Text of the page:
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👁: Super M teaser

Not to be outdone, SM Entertainment is launching its own super group, Super M, comprising members of its already established male groups SHINee (Taemin), EXO (Baekhyun, Kai) and NCT (Taeyong, Mark, Ten and Lucas.

The group was formed in collaboration with Capitol Records, which likely eyed BTS’s success and wanted a shortcut to similar success. As I said in my previous post, K-pop is still a niche genre and it’s not likely for a typical group to gain the kind of following BTS amassed over six years. So Super M is counting on the combined fandom’s of SM’s three popular male bands to come together to support this supergroup.

Although there is negative feedback concerning SM’s overworking these members, I think they are all hard workers who love the limelight and would love a shot at winning over more Americans. Personally, I like the idea of these talented artists together and can’t wait to see what they will come up with to crack the U.S. market.

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Starship Enterprise has been promoting its star trainees Ham Won Jin and Koo Jung Mo with some timely back-to-school imagery.

Another result of the fervor behind the trainees featured in “Produce X 101” is fans calling for the formation of a second group, comprising the remaining nine of the Top 20 finalists, who did not make the X1 lineup.
Fans have dubbed this group Be Your Nine (BY9), and most of the agencies have responded positively about considering it.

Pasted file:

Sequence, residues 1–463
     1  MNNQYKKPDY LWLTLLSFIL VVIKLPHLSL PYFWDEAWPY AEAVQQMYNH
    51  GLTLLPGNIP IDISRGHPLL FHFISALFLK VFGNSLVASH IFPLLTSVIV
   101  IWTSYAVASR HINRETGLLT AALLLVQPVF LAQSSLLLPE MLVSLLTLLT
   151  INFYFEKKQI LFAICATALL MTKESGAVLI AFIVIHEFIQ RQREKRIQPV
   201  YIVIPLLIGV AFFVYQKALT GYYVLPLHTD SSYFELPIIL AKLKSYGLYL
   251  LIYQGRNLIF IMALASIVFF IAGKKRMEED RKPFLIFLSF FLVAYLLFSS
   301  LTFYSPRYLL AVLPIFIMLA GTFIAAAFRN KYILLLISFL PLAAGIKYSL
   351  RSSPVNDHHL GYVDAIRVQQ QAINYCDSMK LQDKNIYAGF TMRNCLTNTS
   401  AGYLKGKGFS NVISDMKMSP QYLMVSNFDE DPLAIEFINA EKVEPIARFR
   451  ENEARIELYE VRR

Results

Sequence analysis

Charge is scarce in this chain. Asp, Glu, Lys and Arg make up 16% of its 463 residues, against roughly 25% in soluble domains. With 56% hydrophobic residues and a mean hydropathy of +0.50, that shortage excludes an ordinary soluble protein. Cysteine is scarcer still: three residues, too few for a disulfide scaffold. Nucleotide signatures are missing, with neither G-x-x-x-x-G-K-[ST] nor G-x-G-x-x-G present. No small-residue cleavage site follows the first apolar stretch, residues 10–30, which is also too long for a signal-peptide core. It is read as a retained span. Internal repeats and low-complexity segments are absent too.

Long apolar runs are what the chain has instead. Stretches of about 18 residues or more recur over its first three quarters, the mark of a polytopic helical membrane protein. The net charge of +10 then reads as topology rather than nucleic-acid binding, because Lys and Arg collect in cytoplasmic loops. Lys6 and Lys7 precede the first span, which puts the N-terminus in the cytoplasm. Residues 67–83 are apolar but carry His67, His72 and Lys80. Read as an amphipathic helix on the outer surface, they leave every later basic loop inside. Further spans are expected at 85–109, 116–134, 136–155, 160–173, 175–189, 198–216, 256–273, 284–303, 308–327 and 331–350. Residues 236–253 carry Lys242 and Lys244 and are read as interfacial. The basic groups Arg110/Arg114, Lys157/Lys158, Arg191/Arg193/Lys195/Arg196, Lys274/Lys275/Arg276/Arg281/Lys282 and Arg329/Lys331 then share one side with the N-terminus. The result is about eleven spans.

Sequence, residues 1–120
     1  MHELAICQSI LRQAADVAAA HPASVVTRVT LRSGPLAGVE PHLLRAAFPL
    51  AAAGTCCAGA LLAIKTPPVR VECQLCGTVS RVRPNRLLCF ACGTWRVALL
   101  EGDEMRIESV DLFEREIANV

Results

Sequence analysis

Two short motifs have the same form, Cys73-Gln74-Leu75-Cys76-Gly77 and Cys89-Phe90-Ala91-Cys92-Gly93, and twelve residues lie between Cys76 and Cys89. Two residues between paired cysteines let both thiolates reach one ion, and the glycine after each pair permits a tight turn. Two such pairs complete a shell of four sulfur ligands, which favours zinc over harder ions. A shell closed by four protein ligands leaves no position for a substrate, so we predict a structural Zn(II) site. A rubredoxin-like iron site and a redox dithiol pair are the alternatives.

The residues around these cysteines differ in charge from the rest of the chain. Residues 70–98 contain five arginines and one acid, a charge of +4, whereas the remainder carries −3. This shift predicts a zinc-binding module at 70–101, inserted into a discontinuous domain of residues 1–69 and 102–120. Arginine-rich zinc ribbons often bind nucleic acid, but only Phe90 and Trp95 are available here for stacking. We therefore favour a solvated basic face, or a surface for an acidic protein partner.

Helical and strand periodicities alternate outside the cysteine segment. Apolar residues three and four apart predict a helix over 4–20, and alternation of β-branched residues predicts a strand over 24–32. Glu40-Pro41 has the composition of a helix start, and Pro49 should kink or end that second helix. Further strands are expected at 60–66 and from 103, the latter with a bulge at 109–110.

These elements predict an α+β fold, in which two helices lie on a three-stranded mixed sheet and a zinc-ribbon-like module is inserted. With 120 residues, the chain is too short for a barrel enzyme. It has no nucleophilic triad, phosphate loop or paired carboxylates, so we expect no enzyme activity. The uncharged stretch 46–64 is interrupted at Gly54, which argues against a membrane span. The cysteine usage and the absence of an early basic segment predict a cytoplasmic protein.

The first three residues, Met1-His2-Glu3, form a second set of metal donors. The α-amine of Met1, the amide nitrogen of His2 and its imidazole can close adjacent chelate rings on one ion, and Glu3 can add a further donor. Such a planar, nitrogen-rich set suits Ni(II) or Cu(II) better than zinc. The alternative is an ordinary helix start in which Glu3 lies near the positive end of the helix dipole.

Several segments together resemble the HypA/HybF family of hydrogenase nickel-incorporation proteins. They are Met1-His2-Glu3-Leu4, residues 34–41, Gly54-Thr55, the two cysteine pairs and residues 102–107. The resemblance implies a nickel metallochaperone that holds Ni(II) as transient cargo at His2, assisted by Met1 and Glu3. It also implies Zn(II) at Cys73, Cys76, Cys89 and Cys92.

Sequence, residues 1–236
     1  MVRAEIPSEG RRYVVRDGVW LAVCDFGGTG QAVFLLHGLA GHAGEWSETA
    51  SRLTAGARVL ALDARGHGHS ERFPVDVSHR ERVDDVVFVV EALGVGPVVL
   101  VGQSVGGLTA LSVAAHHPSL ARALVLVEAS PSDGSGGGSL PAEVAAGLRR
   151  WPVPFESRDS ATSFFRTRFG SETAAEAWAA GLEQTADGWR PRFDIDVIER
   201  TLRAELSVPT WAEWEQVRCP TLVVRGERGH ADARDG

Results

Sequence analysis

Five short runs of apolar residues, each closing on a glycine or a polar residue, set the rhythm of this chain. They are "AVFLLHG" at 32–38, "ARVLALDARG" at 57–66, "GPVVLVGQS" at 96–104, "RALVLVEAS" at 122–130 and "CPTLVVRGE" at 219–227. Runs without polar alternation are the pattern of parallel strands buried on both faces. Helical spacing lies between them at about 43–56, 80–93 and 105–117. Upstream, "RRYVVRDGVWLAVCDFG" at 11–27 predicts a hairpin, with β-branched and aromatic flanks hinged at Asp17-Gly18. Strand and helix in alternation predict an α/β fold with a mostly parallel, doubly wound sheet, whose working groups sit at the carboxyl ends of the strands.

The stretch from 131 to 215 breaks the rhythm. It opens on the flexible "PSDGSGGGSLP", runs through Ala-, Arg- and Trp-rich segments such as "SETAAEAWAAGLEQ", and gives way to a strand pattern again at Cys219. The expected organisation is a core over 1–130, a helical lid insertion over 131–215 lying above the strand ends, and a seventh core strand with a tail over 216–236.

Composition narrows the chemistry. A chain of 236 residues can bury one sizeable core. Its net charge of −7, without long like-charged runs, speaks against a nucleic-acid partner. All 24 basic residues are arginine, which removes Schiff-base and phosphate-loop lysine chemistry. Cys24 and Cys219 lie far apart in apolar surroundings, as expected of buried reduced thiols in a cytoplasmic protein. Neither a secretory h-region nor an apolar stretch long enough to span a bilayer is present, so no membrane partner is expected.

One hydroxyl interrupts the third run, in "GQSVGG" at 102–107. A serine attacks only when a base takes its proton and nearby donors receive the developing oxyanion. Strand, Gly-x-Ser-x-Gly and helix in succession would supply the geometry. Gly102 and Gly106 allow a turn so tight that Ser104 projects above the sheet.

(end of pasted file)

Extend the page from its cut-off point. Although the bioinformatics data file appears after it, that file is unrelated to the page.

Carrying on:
If this were to happen, BY9 could have success rivaling that of the winning 11 contestants in X1. But I have doubts BY9 will debut with the nine expected, because Up10tion’s Lee Jin Hyuk is on the path to a solo career, and three of the Starship Entertainment trainees—Ham Won Jin (16th ranked), Koo Jung Mo (12th ranked) and Moon Hyun Bin (32nd ranked)—will likely debut in their own group early next year.

Woollim Entertainment will launch its W Project 4 Sept. 2. The lineup, from left, Kim Min Seo, Lee Sung Jun, Kim Dong Yun, Hwang Yunseong, Lee Hyeop and Joo Chang Uk.

Striking while they are at the height of their “Produce” popularity, several other companies involved are debuting project releases by their trainees. Another of the biggest is Woollim, whose Hwang Yunseong finished in 18th place in “Produce,” qualifying him for BY9. But Woollim already confirmed his participation in its latest W Project lineup, along with other Woollim “Produce” trainees Kim Min Seo, Lee Sung Jun, Kim Dong Yun, Lee Hyeop (signed after “Produce” ended), and Joo Chang Uk. Woollim’s W Project 4 will launch Sept. 2.

Whether this “project” encompasses only a few singles, albums and music video releases, or a full debut band is unknown. If it is just on a project basis, conceivably Yunseong could promote with BY9 as well.

Others moving on are MyTeen’s Song Yu Vin and Kim Kook Heon whose company Music Works broke fans hearts with the news that MyTeen would be disbanded and Yu Vin and Kook Heon would be performing now as as a duo.

It’s interesting to see where all this will lead, but clearly, “Produce X 101” has been a major catalyst for getting name recognition for these artists who otherwise might have only gone on to be another face in a crowded field. The one drawback from the show is the ongoing investigation into voting fraud. Already, X1 has lost some sponsors who don’t want to be connected to members whose popularity may be in question because of the voting irregularities.